Many hands make light work
With inventor and magician Adrian Westaway’s Magic Light, you just grab a beam and go
Imagine the following situations: relocating office desks and finding the overhead lights are in the wrong position; a surgeon immersed in an operation needs a wider beam of light; or a shop display has changed and requires newly positioned spotlights.
These are not only irritating and time-consuming situations to resolve — and possibly life-threatening — but they can also be costly. But a lighting technology is being developed that allows the user to grab a beam of light and move it around or make it larger or smaller.
Twenty-seven-year-old inventor Adrian Westaway has spent more than two years developing and refining his Magic Light, a device that allows the user to interact directly with a beam of light as if it were a physical entity, touching it, moving it or stretching it.
“I’m a magician as well as being an electronic engineer,” he reveals, “so the combination of magic, engineering, design and electronics is perfect for me.”
Westaway does seem well suited to such a project. He was 11 years old when he wrote to TV magician Paul Daniels asking him how he makes people disappear. Daniels wrote back and, while not divulging his secret, suggested he read books on the subject. Westaway was hooked. Today he performs magic for friends and family, and still finds time to read magic books. When it came to studying, however, he read electronic engineering at Bristol University before heading off to the Royal College of Art.
The idea for the Magic Light first emerged from a week-long project Westaway did with fellow student Stephanie Chen in the first year of their masters in industrial design engineering at the RCA. The device they came up with was quite crude and didn’t work properly, saysWestaway, but the idea stayed with him and, with Chen’s blessing, he decided to make it the focus of his solo graduation project, and spent three months developing the prototype.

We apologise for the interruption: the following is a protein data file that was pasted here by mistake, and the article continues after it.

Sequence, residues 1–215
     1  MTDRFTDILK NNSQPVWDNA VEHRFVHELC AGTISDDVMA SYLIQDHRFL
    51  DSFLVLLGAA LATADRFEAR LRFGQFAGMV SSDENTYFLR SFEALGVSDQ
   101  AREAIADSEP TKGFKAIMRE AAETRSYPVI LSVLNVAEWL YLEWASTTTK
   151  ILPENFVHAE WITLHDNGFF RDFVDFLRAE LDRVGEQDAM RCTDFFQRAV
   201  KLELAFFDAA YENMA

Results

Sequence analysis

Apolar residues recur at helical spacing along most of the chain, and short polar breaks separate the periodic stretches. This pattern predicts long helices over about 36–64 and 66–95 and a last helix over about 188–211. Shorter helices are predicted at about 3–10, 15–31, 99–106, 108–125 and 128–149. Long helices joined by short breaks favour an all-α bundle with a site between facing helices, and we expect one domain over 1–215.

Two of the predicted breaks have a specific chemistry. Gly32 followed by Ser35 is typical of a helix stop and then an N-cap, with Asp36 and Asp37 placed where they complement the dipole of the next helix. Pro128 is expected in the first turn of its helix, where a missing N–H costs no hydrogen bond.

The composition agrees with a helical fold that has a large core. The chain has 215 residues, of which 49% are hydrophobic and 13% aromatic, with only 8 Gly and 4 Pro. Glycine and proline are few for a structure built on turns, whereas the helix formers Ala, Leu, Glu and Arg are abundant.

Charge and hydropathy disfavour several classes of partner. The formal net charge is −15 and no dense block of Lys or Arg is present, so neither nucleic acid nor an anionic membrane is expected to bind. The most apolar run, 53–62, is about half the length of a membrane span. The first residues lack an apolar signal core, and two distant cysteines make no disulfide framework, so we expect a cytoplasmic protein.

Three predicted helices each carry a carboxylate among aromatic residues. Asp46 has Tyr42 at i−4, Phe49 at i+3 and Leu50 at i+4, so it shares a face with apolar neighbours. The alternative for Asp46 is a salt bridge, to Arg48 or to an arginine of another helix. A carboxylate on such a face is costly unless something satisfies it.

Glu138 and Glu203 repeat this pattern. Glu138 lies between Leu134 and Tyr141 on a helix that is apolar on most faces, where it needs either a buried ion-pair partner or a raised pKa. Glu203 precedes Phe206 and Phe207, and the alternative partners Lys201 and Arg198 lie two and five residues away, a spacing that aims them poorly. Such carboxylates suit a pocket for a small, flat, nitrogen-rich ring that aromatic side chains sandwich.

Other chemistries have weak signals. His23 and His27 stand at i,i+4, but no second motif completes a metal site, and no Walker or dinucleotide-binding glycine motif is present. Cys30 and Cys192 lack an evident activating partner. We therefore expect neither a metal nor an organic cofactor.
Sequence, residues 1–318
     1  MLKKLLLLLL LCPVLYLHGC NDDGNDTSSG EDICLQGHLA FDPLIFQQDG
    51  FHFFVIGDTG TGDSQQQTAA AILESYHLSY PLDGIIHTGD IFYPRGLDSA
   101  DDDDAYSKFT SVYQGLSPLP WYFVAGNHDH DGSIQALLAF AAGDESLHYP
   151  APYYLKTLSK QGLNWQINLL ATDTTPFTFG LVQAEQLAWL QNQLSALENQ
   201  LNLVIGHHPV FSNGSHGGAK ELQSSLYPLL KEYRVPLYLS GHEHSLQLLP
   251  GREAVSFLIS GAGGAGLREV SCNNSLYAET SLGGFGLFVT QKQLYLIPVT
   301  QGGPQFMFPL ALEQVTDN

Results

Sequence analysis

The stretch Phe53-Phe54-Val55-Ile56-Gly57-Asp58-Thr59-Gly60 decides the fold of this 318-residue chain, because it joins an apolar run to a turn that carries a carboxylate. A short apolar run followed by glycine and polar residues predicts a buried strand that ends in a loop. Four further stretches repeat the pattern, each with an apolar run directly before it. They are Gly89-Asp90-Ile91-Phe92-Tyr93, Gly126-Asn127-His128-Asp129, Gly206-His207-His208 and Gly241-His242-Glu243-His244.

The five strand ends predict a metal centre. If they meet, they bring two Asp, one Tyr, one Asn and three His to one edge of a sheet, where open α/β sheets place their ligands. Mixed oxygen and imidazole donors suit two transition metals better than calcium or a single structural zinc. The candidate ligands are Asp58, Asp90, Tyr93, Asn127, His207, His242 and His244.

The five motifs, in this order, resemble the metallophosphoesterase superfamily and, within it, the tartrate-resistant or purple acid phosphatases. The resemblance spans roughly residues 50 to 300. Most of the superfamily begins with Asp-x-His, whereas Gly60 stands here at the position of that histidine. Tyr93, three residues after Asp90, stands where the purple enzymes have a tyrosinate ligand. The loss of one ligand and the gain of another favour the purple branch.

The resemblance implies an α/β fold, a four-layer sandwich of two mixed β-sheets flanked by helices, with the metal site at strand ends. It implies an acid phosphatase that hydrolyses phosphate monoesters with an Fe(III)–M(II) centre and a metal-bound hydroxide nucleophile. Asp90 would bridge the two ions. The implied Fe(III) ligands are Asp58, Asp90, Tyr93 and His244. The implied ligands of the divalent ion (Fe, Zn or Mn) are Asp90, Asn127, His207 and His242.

Limited funds and time meant the light device he made in 2007 was, as he puts it, “quite a Frankenstein creation” made up of “bits and bobs”. He says: “The beam could move up and down and left and right, but it didn’t move smoothly and was a basic form I’d rustled together.”
The beam can be locked by means of a hand gesture so that it remains completely still
Nevertheless it generated a lot of interest at his degree show and won Westaway two awards — the James Dyson Innovation Fellowship and an Innovation RCA programme called Selected Works. The prize money paid for a patent on his concept and also paid Westaway a part-time salary to continue developing the device. In January, the evolved design won the Royal Commission for the Exhibition of 1851’s 2008 Fellowship for Design. This major fellowship supports a research programme over two years and is worth £30,000 a year.
Westaway says his ambition for the light is that he wants “to give people complete control of lighting. Lighting is often fixed and those that you can control is held down with all kinds of paraphernalia, I want light to move in a natural way.”
He says there is no restriction on the type of light source — it could be a bulb or LEDs and could be recessed or attached to a ceiling, wall or floor. The technology uses video recognition and runs on platforms similar to camera phones. Integrated into the device is intelligent software that allows the camera to look for hand gestures, when it detects a gesture, the beam moves towards it.
Westaway’s latest development is to enable the light beam to be stretched — by grabbing the edge of the beam and pulling it, allowing the beam to grow bigger or smaller. The beam can also be locked by means of a hand gesture so that it remains completely still. He is keen to point out that the beam isn’t constantly moving when people pass by or if they wave their hands about — “It’s intelligent and it knows when it needs to be moved,” he says.
Westaway is now experimenting with different hand gestures and working out how the device responds, as well as working on ways of dimming and softening the beam.
The Magic Light is still two years away from being manufactured. Westaway says it all depends on the application and the quantities involved, but he hopes that by early 2010 the technology will be at a stage where it can be made into prototypes suitable for shops and banquet lighting where spotlights are needed to shine onto tables that need to be set up very quickly.
He says he’s looking for a company to license and co-develop it and when that happens he anticipates it being a very versatile device suitable for lighting buildings in residential, commercial, industrial, retail and medical use. Westaway stresses that the technology and the simple motors in the light are relatively cheap, and estimates that Magic Lights could be produced for about £50 to £60 each.
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